Repent, ye carbon emitters

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Repent, ye carbon emitters


After the invention of the movable type printing press by Gutenberg, the most popular item sold was not the Holy Bible; it was the indulgence. With the blessings of clergymen, even people who committed crimes were able to avoid the sufferings of this world and the eternal fires of hell, if only they paid some money. Indeed, indulgences sold out as soon as they were printed.

An indulgence for the modern era has emerged, and this one ostensibly forgives the sin of carbon dioxide emission. The so-called carbon-offset system demands investment in environmentally friendly projects to compensate for the excessive emission of carbon dioxide. They are mainly bought by people who travel on airplanes, which emit more carbon gases than other forms of transportation. In addition to airfare, they pay $10 to $40 more for apparently contributing to planting trees in Africa and constructing hydroelectric power plants in Brazil. Thanks to the demand spurred by people’s desire to rid themselves of a guilty conscience, the amount earned from the carbon-offset system worldwide has reached a couple million dollars.

But there are strong criticisms of the system, which is also known as carbon credit or cap and trade. As the indulgence in the Middle Ages allowed people to commit crimes and still have peace of mind, the carbon-offset system also encourages people to travel more frequently and consume more.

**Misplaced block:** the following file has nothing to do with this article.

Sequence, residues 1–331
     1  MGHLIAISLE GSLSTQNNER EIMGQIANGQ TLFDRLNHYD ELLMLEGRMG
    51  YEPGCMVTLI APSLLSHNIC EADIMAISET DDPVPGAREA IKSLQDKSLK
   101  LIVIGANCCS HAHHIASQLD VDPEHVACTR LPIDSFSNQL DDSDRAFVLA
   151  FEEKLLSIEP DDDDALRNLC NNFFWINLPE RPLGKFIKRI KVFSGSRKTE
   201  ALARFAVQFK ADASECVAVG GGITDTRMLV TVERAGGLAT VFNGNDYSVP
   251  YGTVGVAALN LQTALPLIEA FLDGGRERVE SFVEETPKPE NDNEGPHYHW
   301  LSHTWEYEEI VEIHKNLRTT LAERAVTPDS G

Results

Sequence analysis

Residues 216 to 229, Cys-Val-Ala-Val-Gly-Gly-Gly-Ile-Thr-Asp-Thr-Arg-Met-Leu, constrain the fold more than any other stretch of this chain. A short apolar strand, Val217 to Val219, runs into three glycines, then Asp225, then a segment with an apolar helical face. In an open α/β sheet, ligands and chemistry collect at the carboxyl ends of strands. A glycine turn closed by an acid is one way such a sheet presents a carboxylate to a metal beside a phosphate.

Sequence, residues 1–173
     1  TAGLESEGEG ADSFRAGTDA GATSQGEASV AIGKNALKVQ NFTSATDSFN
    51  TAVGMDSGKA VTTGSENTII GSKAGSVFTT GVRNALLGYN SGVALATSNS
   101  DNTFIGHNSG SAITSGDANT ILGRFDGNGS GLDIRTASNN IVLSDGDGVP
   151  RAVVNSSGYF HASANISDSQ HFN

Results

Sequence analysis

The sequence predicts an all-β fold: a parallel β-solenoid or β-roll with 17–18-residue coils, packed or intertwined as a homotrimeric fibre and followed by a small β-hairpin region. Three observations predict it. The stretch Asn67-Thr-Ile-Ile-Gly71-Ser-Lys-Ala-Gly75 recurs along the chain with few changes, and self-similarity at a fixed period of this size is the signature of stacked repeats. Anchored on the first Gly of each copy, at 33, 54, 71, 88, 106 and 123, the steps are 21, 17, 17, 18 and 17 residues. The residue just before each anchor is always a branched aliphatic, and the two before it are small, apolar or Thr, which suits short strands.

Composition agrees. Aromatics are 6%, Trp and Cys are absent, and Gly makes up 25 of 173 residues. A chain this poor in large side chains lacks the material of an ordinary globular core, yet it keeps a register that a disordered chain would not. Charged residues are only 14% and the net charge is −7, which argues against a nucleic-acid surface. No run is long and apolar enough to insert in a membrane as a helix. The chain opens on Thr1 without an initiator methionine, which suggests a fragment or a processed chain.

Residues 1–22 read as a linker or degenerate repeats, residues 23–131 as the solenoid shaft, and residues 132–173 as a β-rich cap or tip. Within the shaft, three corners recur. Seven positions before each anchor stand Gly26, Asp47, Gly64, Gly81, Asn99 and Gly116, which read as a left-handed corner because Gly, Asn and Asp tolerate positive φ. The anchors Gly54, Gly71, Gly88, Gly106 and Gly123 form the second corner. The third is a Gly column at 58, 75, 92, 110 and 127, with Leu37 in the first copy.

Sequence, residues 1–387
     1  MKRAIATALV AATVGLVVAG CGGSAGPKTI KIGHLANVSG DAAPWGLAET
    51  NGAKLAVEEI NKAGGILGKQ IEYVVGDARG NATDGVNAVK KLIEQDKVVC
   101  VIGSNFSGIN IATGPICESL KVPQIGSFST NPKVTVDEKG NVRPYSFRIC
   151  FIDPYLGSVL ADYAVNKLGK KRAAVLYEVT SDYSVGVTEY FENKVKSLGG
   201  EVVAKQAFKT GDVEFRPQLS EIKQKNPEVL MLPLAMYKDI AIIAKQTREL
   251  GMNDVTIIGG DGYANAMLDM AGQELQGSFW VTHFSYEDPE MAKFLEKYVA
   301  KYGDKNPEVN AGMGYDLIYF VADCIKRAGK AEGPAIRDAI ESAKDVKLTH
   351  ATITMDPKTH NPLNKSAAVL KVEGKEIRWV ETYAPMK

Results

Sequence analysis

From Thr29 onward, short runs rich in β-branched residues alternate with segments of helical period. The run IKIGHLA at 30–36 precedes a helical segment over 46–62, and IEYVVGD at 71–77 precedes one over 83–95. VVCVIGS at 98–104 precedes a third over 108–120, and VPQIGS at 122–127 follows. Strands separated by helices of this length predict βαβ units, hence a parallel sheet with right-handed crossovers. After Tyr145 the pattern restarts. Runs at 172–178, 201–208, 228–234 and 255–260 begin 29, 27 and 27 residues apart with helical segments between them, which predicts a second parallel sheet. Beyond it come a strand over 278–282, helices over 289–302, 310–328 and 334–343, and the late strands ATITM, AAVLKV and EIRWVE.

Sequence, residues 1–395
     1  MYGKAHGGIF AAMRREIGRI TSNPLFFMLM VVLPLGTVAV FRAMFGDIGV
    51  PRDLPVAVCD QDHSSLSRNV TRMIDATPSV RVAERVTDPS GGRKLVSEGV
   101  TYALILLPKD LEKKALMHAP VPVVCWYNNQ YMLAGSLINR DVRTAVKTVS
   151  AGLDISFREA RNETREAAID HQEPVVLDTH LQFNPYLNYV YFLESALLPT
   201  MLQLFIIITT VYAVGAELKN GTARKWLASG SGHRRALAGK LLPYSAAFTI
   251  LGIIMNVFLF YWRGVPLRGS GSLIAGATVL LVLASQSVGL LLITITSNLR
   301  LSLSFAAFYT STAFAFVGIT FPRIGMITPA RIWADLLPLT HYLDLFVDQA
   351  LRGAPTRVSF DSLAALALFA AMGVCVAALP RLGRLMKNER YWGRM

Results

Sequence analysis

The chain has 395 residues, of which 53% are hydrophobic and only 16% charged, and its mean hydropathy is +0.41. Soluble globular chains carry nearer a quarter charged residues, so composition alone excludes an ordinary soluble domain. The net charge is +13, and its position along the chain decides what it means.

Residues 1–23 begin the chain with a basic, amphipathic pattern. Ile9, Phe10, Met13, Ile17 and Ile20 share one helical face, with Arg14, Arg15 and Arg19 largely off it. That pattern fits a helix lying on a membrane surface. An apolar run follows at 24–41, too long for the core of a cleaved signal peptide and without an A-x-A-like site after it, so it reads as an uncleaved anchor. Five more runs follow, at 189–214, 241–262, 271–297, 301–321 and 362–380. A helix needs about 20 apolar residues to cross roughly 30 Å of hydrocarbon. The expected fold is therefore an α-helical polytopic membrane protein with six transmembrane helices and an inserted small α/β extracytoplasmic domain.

Environmental specialists point out that emissions trading, which has been partly regulated since 2005 by the Kyoto Protocol, simply exacerbates global warming.

They say that the system, which allows countries that have exceeded their limit of greenhouse gas emissions to buy the right to emit from countries that have not crossed the limit, only results in indulging the countries that consume more and emit more, and that the effect of gas reduction is meager.

James Hansen, a climatologist at NASA in the U.S., lamented to the Times of London, “They are selling indulgences there. The developed nations want to continue basically business as usual so they are expected to purchase indulgences to give some small amount of money to developing countries. They do that in the form of offsets and adaptation funds.”

The United Nations Climate Change Conference, which includes the 15th Conference of the Parties to the UN Framework Convention on Climate Change, opened its plenary session in Copenhagen on Monday.

I sincerely hope that discussion on complementary measures on the problems pointed out so far will be taken as seriously as the expansion of emissions trading. Even if excessive gas emissions are masked by the indulgence of cap and trade, the earth will take its revenge though a climatic catastrophe.

The writer is an editorial writer of the JoongAng Ilbo.

By Shin Ye-ri
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